Our multiage philosophy of meeting students’ needs based on building blocks required a lot of background work in creating a community of learners. Students had to feel safe in sharing what they know and don’t know, and how to learn without comparing themselves to others. We had to teach them how to be engaged, responsible and respectful to everyone within the community, and from this we could all grow. What have we noticed? Students across all grade level bands are working together for the success of all. It is ok to “need” a target, and to seek out resources or partners to help you. It is also ok to be an expert and teach others, even when you are the youngest in the class! It is ok to hit the target on one assessment but have to move your sticker back on the next assessment, this means you need to keep practicing and keep this target active in your mind. It is ok to work on targets that are below your grade level and even above. There is no ceiling and there is no floor. Suddenly this recognition that we are a community of learners allowed students the chance to let go of notions of being just like their classmates. Each of us is different and that is to be celebrated!
Our brain based learning led us to create a learning environment that uses connections, novelty and timing to meet student needs. No longer do students read and recite, but they actively seek out what they need to know, often with essential questions or targets in mind. Novel ideas for gaining their attention abound, from dressing like Monkeys to make a point, to wearing a symbol of every genre to start a study of literature. What have we noticed? Time is always of the essence, and yet teaching students to continually practice targets, even mastered ones, has helped the learning to move into long term storage in the brain. Making connections between topics and to overall big ideas helped new learning “hook” onto learning that is already in the brain. Students began to see our overall big idea of STRUCTURES in everything that we did, from the structure of a book to the structure of an essay, from place value as the structure of math, to variables and the scientific process as the structure of our science experiments. With connections our classroom day was no longer a random collection of subjects, but a sustained learning opportunity. We could practice a topic for a day and then revisit it two days later with little gap in understanding. Novelty is so often our mantra that our students no longer bat an eye at us dressed up in costume, from the Genre Genies to the Queen Bees, we believe in grabbing the attention of our kids from the get go. The brain as our focus became our greatest ally in the learning process as each student came to appreciate their own unique qualities!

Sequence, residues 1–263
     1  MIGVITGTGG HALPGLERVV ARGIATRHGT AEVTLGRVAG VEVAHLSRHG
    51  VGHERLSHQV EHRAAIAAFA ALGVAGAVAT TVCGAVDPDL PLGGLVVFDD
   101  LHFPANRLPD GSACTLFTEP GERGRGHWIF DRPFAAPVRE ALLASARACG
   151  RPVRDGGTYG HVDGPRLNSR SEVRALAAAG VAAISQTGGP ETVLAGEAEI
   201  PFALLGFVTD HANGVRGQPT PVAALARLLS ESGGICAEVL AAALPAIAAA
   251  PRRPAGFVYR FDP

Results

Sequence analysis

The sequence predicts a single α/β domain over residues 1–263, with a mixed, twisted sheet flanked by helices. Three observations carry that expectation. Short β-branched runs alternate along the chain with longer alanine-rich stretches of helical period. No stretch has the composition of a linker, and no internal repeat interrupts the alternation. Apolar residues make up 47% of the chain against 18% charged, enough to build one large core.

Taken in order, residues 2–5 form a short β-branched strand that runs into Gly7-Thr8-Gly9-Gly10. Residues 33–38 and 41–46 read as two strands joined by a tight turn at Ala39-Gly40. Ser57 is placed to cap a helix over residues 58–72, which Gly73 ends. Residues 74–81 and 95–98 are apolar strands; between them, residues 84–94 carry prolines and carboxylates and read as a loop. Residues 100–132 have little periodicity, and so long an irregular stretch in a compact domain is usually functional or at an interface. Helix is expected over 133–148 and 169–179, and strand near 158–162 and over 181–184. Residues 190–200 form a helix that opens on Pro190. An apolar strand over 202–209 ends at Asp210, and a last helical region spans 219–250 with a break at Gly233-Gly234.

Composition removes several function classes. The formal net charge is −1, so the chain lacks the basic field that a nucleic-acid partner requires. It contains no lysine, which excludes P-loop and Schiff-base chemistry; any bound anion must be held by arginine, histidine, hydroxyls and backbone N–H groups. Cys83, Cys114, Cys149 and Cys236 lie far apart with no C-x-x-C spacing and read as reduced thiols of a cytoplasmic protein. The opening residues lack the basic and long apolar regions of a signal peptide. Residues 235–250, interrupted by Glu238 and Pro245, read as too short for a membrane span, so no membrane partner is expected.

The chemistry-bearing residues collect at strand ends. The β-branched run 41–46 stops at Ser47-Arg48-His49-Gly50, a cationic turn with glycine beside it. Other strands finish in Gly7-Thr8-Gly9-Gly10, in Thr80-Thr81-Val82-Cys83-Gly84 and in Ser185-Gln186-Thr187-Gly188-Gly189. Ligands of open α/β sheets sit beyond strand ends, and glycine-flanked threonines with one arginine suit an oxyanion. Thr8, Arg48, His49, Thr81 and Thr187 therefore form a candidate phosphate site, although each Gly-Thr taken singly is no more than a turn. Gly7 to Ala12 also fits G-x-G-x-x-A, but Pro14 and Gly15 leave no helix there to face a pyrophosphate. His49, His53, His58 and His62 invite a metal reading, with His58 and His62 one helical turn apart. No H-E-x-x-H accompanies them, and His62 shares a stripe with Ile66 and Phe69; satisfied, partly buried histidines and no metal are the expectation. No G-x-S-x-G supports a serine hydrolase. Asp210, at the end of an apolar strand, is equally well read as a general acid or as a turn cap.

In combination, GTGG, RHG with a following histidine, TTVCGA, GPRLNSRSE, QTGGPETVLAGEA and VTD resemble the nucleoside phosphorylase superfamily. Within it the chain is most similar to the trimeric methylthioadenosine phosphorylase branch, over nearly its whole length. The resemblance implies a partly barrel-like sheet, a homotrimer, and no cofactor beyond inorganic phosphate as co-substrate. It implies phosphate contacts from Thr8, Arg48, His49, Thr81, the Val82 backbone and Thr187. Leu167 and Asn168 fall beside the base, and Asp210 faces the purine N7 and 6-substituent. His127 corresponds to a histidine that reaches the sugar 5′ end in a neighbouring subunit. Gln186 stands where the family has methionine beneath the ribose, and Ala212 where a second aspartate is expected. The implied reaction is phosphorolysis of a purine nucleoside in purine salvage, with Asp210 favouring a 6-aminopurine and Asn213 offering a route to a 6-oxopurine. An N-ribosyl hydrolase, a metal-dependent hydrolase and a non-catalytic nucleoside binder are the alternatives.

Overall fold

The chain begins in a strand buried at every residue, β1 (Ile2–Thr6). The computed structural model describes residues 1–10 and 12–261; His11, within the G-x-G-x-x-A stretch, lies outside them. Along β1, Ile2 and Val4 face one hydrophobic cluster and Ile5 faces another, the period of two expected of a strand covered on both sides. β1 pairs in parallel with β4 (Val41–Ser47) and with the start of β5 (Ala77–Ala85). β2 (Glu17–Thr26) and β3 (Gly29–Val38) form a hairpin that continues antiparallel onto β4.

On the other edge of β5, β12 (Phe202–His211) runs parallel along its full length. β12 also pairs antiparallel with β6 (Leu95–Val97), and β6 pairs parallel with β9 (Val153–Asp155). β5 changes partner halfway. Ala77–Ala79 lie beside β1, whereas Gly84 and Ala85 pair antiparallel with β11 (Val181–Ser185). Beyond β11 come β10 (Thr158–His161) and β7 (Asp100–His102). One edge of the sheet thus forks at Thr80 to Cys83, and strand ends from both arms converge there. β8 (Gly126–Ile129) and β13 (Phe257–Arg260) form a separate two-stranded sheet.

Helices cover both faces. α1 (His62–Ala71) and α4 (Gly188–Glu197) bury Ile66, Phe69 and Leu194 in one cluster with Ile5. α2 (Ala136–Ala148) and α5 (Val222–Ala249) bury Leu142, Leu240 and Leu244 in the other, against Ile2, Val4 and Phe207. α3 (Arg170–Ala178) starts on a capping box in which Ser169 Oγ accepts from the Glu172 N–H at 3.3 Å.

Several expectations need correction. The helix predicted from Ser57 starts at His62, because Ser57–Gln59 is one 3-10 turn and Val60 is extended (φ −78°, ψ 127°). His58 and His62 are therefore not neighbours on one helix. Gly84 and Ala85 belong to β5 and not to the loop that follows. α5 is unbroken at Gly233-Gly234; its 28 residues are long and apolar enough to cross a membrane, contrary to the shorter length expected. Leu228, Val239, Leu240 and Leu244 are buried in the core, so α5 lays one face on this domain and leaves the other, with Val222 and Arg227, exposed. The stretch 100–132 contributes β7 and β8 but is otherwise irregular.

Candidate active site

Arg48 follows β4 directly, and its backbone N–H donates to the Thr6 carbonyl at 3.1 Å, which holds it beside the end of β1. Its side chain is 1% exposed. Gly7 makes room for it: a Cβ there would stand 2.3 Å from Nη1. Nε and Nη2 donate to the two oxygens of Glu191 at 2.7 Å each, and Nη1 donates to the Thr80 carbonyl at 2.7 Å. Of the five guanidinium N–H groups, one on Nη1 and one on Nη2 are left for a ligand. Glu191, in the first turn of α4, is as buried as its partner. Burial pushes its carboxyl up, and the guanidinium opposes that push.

Learning about meeting the needs of the gifted and talented students within our room led us beyond basic academics to meeting students’ affective needs as well. We contemplated how we could help even our highest kids excel with confidence, bounce back from emotional setbacks and learn the necessary skills, like organization and time management, for success in all areas of life not just school. What have we noticed? Students began to discuss and connect with like talented peers and from this developed new friendships. Given our multiage groupings they were able to learn from and teach to others who are talented in areas different from their own. Our desire to meet the affective needs of our gifted and talented learners has helped us to meet the same need in all our students. No matter what academic level, all students need to feel safe, appreciated for who they are, and accepted for their needs and talents.
We have both taught with themes, and have recognized those flimsy connections we have tried to make between topics. Yet we knew that we wanted a central organizing principle to bring it all together, that learning is not a separate process but a fluid one of using skills in all situations. Our organizing principle became THINKING SKILLS. What have we noticed? The thinking processes of making connections, determining importance and asking questions apply in all academic areas. Using schema in science was as relevant as using background knowledge in reading. Thinking processes and skills became our common thread, our guiding work through all topic areas. Kids have begun to effortlessly use these processes across content areas, no longer seeing math as separate from social studies, or writing separate from science. They are beginning to articulate what they know through the use of analogies and metaphors, applying even higher order skills. What a moment to celebrate when there are five glowing children intent on sharing their analogies at the end of a work session. A gem shared by one: “Hearing is to listening as thinking is to knowing!”
Self-assessment has also been a driving force within our classroom. Formative assessments push our instruction every day, as well as how students spend their time learning and practicing their targets. What have we noticed? Students have far greater motivation and ownership in their learning when they can easily see what they know and what they need to learn. It is no longer a mysterious process; grades are truly earned based on the evidence that is provided at a given point in time, rather than a summary of work/effort over time. Students are more aware of what they need to do to take charge of their learning and are focused on meeting their own goals. Our classroom has become a place of empowerment!
Again a “Full Circle” moment, appreciating that our inspiration has become application, and with that application we are seeing an amazing community of learners continue to grow. What’s next? The sky is the limit!